Sunday, November 30, 2008

Letter to the local peace and justice movement

Our fellow DC area activist-organizers,

There has been much change during the last couple years within the local peace and justice movement. The changes we have witnessed have included dissolution of the DC Anti-War Network (DAWN) as a group but not the commitment of several of its participants, there has been an increase in levels of nonviolent resistance actions, the revitalizing of the Washington Peace Center as a dynamic force in the wider DC metro community, and most recently the founding of a capacity-building coalition for future mobilizations, known as Activist Coalition of DC (ACDC). However, there is an important and vital need to share resources, creativity, and skills to unite collective energies and move beyond being only somewhat effective to being successful in our peace and social justice struggles. This needs to be our highest priority.

Dr. Martin Luther King Jr. once said that the U.S. Government was the greatest purveyor of violence in the world, and that a nation that continually spends more on military expenditures rather than human needs is approaching spiritual death. We are at that twilight moment now as our government spends trillions of dollars on war while witnessing a collapsing economy. We strongly urge our fellow activists and other concerned citizens to turn out for a peace witness at war profiteer Lockheed Martin in Bethesda on Dr. King's Birthday, January 19th. This national death Dr. King spoke of is very near, and while millions celebrate Barack Obama's victory, we are troubled by his choice of known warmongers as top-tier advisors and cabinet officials who are closely tied to those responsible for our dying economy and those who have profited from the illegitimate, illegal and immoral wars and occupations of Afghanistan and Iraq.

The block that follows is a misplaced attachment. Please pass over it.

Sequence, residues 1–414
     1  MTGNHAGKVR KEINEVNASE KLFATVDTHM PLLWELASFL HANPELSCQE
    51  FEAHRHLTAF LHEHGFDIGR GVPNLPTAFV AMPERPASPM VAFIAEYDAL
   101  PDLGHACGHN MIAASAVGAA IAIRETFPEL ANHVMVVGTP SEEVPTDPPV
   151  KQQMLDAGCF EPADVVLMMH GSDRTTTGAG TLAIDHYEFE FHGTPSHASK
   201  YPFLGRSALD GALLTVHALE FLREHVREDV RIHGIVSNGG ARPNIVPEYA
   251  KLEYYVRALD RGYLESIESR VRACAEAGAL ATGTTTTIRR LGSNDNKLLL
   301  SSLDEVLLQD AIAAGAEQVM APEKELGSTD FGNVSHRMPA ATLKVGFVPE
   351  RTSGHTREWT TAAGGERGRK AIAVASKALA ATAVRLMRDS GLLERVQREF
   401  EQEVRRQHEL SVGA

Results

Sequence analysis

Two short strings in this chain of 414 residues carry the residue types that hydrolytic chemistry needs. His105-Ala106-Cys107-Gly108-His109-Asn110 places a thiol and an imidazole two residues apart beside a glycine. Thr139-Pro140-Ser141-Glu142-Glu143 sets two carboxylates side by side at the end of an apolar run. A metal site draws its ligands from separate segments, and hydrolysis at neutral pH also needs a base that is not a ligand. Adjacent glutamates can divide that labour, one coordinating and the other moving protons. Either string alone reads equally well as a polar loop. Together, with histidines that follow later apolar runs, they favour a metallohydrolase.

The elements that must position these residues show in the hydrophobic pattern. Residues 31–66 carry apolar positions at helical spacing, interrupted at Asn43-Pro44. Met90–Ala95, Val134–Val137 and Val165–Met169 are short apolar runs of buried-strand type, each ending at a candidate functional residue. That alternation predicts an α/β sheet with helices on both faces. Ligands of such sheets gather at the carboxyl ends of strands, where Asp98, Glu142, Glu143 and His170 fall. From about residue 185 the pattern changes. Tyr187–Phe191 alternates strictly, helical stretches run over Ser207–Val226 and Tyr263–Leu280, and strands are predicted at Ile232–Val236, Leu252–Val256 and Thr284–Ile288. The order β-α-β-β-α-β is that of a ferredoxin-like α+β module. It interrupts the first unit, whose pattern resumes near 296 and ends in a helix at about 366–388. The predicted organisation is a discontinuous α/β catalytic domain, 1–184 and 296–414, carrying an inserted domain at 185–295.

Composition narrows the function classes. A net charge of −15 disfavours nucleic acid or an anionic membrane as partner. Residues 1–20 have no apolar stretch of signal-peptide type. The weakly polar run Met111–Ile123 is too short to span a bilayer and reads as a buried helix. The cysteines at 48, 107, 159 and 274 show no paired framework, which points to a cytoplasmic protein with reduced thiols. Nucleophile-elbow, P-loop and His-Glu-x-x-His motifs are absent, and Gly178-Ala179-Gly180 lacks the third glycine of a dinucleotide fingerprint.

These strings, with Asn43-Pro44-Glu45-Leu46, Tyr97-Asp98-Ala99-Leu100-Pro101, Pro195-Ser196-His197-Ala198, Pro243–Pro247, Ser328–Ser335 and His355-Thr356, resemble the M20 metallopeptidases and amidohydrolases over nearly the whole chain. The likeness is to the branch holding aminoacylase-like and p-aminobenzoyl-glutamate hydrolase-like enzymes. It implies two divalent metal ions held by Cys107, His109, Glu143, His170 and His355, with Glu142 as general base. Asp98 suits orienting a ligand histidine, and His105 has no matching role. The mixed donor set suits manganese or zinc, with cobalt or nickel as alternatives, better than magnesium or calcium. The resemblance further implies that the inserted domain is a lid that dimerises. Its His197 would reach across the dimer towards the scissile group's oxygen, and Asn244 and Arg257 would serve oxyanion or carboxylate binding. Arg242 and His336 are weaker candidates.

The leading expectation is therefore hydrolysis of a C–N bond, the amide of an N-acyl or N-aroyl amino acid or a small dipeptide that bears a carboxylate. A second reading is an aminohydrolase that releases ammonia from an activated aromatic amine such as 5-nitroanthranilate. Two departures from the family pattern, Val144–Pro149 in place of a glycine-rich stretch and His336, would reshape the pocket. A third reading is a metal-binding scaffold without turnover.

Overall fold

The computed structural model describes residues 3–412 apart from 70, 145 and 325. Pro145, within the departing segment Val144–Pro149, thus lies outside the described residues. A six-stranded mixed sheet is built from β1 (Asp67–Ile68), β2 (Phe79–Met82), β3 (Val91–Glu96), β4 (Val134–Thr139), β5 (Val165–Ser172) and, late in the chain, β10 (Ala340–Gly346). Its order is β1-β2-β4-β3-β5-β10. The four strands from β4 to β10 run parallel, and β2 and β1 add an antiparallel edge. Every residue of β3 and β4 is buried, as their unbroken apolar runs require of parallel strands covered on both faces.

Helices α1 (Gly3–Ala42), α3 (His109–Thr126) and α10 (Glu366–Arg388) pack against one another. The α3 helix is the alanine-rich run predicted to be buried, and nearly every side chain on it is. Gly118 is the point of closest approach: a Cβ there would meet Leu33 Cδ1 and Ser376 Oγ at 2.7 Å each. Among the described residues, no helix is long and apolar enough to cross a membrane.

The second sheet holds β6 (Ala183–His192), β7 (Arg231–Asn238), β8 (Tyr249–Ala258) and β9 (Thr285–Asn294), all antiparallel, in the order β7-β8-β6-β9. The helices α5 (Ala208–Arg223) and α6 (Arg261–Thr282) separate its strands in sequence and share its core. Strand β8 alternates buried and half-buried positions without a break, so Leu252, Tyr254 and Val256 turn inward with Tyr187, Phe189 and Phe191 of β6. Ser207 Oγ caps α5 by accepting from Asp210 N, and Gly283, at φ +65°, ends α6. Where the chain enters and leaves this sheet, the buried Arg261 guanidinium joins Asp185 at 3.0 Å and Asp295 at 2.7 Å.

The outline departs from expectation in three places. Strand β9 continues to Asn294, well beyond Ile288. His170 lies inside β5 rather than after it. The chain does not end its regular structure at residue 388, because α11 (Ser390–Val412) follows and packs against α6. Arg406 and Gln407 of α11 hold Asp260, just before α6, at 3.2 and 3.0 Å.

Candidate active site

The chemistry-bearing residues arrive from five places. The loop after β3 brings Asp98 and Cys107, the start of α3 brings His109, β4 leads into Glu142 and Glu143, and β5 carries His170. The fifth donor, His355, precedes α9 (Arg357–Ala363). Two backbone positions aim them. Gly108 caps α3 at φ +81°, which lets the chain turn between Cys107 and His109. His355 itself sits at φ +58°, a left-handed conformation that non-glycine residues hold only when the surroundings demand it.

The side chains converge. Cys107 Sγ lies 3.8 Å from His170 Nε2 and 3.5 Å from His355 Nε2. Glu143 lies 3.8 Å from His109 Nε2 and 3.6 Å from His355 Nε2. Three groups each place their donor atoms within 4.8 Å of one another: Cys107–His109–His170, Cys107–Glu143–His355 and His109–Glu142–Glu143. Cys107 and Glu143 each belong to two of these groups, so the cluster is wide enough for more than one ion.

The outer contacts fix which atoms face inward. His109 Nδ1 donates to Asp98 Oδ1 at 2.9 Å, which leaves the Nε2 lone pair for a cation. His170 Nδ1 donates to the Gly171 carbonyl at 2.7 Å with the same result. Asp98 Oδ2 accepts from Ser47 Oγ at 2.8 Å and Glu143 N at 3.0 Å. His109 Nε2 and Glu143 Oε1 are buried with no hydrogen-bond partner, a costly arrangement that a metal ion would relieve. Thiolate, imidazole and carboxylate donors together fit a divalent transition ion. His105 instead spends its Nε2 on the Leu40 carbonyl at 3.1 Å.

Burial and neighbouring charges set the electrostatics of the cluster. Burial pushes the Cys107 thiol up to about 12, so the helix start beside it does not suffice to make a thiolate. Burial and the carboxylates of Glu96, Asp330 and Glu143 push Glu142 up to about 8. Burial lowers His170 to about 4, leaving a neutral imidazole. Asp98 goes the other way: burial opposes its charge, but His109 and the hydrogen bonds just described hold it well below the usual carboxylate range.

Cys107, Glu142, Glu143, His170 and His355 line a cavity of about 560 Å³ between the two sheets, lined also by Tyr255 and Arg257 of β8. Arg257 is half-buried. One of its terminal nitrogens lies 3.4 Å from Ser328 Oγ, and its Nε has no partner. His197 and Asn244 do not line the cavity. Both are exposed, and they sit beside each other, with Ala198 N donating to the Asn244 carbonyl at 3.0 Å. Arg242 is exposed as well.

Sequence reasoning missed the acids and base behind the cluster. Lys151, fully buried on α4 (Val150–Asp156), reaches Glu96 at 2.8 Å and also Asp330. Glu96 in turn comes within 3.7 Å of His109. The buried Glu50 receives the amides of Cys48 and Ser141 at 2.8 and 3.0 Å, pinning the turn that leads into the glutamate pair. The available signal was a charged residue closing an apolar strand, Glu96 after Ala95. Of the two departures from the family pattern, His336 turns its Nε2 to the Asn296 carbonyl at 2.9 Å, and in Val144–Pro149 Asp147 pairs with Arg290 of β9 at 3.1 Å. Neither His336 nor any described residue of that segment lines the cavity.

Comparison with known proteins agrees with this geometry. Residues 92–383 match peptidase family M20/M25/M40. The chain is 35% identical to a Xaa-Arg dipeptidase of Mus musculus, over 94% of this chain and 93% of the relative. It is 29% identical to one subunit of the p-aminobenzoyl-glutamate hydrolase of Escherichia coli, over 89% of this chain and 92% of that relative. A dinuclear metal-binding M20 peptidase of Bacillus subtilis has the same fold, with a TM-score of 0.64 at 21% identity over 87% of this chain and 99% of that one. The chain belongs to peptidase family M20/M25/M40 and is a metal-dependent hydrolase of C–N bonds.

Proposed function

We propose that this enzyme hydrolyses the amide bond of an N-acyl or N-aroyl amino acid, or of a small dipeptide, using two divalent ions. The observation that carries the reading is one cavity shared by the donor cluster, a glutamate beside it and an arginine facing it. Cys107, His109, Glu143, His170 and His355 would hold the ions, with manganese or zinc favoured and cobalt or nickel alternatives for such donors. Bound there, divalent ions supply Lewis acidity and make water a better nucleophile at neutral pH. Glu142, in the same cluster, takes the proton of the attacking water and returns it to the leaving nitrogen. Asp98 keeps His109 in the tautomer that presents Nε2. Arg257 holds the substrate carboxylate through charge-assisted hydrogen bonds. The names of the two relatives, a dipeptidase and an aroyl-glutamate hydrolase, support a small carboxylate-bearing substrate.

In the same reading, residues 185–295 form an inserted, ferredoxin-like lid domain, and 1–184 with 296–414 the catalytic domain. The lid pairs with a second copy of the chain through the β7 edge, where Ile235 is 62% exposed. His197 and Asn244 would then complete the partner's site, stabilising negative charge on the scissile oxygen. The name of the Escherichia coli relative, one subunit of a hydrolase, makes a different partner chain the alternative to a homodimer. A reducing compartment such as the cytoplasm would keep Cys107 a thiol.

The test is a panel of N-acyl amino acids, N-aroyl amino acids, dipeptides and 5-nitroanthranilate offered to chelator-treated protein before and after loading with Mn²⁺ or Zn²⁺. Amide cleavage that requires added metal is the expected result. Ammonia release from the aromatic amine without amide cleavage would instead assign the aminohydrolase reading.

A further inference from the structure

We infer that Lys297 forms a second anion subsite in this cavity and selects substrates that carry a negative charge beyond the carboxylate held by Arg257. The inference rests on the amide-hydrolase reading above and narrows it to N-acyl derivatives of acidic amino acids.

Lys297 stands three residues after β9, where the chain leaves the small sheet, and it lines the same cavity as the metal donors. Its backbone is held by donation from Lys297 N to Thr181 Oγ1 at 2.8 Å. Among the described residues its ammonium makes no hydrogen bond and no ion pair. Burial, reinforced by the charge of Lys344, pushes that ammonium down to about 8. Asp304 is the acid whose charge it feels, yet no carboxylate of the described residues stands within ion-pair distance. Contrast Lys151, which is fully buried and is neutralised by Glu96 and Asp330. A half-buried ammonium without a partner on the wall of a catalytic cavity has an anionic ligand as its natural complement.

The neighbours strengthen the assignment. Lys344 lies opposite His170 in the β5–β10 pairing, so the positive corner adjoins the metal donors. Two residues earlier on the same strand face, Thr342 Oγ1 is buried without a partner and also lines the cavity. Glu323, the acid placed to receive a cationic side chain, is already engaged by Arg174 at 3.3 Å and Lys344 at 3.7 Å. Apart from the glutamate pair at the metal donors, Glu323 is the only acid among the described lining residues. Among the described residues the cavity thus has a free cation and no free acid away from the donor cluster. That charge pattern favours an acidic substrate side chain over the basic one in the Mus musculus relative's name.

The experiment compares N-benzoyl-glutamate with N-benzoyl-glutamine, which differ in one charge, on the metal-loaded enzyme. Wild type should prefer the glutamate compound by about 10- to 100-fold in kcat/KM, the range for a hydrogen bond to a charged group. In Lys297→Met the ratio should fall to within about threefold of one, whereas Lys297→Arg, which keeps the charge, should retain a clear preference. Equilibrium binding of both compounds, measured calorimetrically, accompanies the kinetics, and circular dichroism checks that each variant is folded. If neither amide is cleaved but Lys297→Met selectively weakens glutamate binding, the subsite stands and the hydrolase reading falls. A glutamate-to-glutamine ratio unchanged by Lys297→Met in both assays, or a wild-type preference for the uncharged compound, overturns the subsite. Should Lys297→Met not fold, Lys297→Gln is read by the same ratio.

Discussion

We also call out and encourage everyone, followers and believers in King's dream and life of peace, to turn out early on Inauguration Day, Jan. 20th at McPherson Square for yet another witness for justice and peace. We will be handing out signs with President Obama's own most progressive quotes. President Obama must be held accountable to his own words and expressed promises. We must hold him responsible for the hope of real change he has instilled in millions. We cannot miss this opportunity. We must turn to hope and renewed life, and away from violence and death. This will be an important day for those of us working for peace and social justice to reach out to fellow citizens, encouraging them to join us in letting the new government know that we will not be silent.